Despite hosting UNESCO sites, Kerman tourism potential still unappreciated

August 24, 2021 - 18:10

TEHRAN – Despite being home to seven UNESCO World Heritage sites, Kerman province is not still a giant tourist destination, the provincial tourism chief has announced. 

“Extra efforts need to be made to promote the vast southern province of Kerman as a tourist destination for domestic travelers and foreign tourists,” Fereydoun Fa’ali said on Tuesday, IRNA reported. 

Despite its world-famous attractions, diverse and inviting climates, and conditions, this province is not as popular as it should be, the official added. 

“It is important that governmental and private sectors participate in making Kerman a new destination and market for tourism, given its seven World Heritage sites and various capacities including UNESCO-tagged Bam Citadel.”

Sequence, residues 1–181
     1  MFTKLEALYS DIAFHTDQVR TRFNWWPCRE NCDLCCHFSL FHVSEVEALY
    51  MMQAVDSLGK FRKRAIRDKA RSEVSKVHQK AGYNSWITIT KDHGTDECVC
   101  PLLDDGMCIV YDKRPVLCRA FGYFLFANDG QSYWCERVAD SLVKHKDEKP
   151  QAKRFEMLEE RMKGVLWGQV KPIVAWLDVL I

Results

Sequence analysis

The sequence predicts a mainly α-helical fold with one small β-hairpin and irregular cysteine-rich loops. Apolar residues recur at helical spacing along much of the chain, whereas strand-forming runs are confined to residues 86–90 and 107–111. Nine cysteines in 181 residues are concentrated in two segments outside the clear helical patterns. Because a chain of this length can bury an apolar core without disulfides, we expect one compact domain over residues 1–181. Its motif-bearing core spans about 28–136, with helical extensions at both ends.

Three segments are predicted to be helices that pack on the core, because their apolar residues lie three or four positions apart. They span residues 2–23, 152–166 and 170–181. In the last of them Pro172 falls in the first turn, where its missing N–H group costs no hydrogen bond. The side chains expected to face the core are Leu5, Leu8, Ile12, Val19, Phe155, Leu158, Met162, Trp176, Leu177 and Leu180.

Moreover, tourism infrastructure throughout the province needs to be upgraded, he concluded. 

The UNESCO-tagged Bam and its Cultural Landscape is located on the southern edge of the Iranian high plateau, in Kerman province, close to the Pakistan border. It’s highly regarded as an outstanding example of an ancient fortified settlement.

According to UNESCO, the origins of the citadel can be traced back to the Achaemenid period (6th to 4th centuries BC) and even beyond. The ensemble was at crossroads of important trade routes as well in its heyday sometime between the 7th to 11th centuries. The massive fortress and its environs were almost completely brought down to earth due to a devastating earthquake on December 26, 2003.

The big and sprawling Kerman province has been a cultural melting pot since antiquity, blending Persians with subcontinental tribe dwellers. It is home to myriad historical sites and scenic landscapes such as Bazaar-e Sartasari, Jabalieh Dome, Ganjali Khan Bathhouse, Malek Jameh Mosque, and Shahdad Desert to name a few.

ABU/AFM
 

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